MORALITY AND LAW: IS KELSEN’S ‘GRUND-NORM’ MERELY A MORAL NORM? by -Parth Parikh
In his work Pure Theory of Law, prominent jurist Hans Kelsen rejects the understanding of the law in terms of other disciplines and attempts a non-reductive interpretation of it. Kelsen attempts to express laws as an objective ought of such nature that it ought to be performed not just by the person positing the norm, but also by the person whose behavior the norm regulates. He argues that the validity of such legal norms in a particular system is derived from another higher norm of the same system, thereby also providing a means of identifying a ‘unified system of norms’. However, what logically evolves is a question regarding the validity of the highest norm of a particular unified system, which is neither authorized by any superior norm of the present system, nor is likely to be authorized by the preceding system. Kelsen answers this critique of the highest norm, identified by him as the ‘Grundnorm’, by presupposing its authorization by the people of the particular legal order. This paper attempts to analyse on what grounds would people accept the Grundnorm, whether this acceptance defeats the non-reductive approach Kelsen propagates, and how Kelsen’s theory has been applied by judicial courts at the ground level in authorizing regime changes.
2. PURE THEORY OF LAW
In the Pure Theory of Law, Kelsen attempts to understand the law not in terms of other disciplines like morality, which natural lawyers do and he rejects, but in terms of the law itself. He attempts a description and understanding of the law which would not reduce the law to any other discipline or science.2
In pursuit of this, Kelsen describes the law as a unified system of norms. Legal norms in his theory are expressed as an objective ought such that the act that the norm envisages ought to be performed not only from the viewpoint of the person positing the norm, but also from the viewpoint of the person whose behaviour the norm regulates, and from the viewpoint of a neutral third party.3 He builds on this understanding by maintaining that the validity of a particular norm in a legal system can only be authorized by another higher norm of the same system, whose own validity is again authorized by an even higher norm of the same system, and so forth.4 This idea of a chain of validity across all laws in a particular system in central to Kelsen’s theory as the same is used to determine whether two laws belong to a particular legal system or not, i.e. test the unity of a particular system.5 He also postulates that every legal system must have one non-positive law which authorizes all the fundamental laws of that system, and terms it the Grundnorm (or the basic norm). The next paragraph provides a critical analysis of this idea of a Grundnorm in an attempt of answering the given question.
4. THE GRUNDNORM
Keeping in mind the chain of validity Kelsen proposes, any rational (even non-legal) thinker would come to question the validity of the highest norm of a specific legal system. Without a doubt, this document cannot be deemed as positive law as there would be no legal framework authorizing its creation ( it is highly unlikely that a legal system lay down a procedure validating the creation of a new system ).6 Kelsen answers this question and ends the chain of validity by presupposing that the populace of a legal system ought to behave in accordance with the ‘historically first constitution’7. What this amounts to, and why this is important is discussed in the next section.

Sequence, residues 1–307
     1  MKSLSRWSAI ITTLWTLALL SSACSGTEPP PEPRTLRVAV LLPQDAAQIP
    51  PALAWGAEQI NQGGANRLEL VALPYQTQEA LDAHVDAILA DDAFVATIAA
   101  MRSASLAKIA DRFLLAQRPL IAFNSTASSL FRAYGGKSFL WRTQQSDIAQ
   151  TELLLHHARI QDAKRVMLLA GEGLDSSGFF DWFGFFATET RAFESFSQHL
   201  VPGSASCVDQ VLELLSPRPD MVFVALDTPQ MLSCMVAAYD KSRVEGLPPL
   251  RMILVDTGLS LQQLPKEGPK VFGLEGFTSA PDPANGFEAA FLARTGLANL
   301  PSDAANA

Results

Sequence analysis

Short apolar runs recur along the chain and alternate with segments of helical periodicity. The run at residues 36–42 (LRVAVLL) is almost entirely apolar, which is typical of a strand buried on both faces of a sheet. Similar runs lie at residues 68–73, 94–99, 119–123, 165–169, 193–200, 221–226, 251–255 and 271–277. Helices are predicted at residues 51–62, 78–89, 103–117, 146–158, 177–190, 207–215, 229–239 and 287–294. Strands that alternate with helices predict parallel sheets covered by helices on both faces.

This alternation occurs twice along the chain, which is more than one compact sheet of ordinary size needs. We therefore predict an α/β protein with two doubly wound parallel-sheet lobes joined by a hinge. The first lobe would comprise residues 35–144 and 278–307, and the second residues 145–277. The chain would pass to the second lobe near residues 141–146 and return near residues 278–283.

There are two primary functions of the Grundnorm: firstly, to enable a person to interpret a command, permission or authorisation as an objectively valid norm; and secondly, to enable the legal scientist to interpret all valid legal norms as a non-contradictory field of meaning.8 Kelsen highlights the first function by giving an example of how people give different interpretations to the order of a Mafia to pay a particular sum of money, as compared to an order of a Tax Official to pay the same amount. Both commands have the same ‘subjective meaning’ as the maker wants the individual to pay a certain amount, but the person interprets the subjective meaning of the officials order as its ‘objective meaning’, meaning that he interprets it as a valid legal norm. Kelsen argues that such an objective interpretation is not exercised in the Mafia’s case and this distinction can only be understood by taking into account the Grundnorm of the particular system. Hence it is imperative to presuppose the Grundnorm in order to understand the normative value of the law. The other function deals with the issue of identifying the unity of a particular legal system, and does not require elaboration or discussion in the present answer. However, it must be noted that both these functions are the reasons why Kelsen emphasises the need for hypothesising the Grundnorm.
It is important to note that the test of identifying the Grundnorm is based on its ‘efficacy’ in a particular legal system9. Kelsen maintains that neither the content of the Grundnorm nor the reason for its efficacy is relevant in determining its existence / identifying it: what is essential is that the most (relevant) people of the legal system follow it. 10 Although Kelsen does accept that there may be anarchists in a particular system who don’t agree with the Grundnorm,11 it is essential that majority of the relevant people of the system actually follow it.
4.3 GRUNDNORM AS A MORAL NORM
The question then arises that why would people follow the Grundnorm if its authority is not validated by some positive law. The question given in the present assignment asks whether the acceptance of the Grundnorm by the people reduces it to just a moral norm.
Natural lawyers describe ‘moral norms’ as laws that people follow because they derive their validity from being ‘morally just’. They are completely and objectively just and good.12 Natural lawyers only judge the moral validity of a law: if it wrong and unjust, it is invalid as per their understanding of validity. At the onset, it is important to note that Kelsen himself even refers to the Grundnorm as a natural law –
“If one wishes to regard it [ Grundnorm ] as an element of natural law doctrine…..very little objection can be raised….What is involved is simply the minimum…of natural law without which a cognition of law is impossible.” ‘13